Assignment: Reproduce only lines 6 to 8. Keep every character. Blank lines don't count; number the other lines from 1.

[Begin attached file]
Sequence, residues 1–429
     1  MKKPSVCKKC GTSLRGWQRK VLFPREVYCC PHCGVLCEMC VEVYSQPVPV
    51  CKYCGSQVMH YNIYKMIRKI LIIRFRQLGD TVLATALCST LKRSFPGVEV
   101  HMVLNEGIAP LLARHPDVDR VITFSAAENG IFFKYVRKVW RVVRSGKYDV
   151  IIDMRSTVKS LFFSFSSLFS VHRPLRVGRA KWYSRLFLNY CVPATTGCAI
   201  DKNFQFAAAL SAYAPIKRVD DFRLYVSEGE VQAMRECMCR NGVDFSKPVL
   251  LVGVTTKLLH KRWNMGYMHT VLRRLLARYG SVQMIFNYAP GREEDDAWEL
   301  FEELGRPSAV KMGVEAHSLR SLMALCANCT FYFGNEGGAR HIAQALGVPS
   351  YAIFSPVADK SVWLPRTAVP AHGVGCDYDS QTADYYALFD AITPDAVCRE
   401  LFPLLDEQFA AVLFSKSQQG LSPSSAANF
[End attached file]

   201  DKNFQFAAAL SAYAPIKRVD DFRLYVSEGE VQAMRECMCR NGVDFSKPVL
   251  LVGVTTKLLH KRWNMGYMHT VLRRLLARYG SVQMIFNYAP GREEDDAWEL
   301  FEELGRPSAV KMGVEAHSLR SLMALCANCT FYFGNEGGAR HIAQALGVPS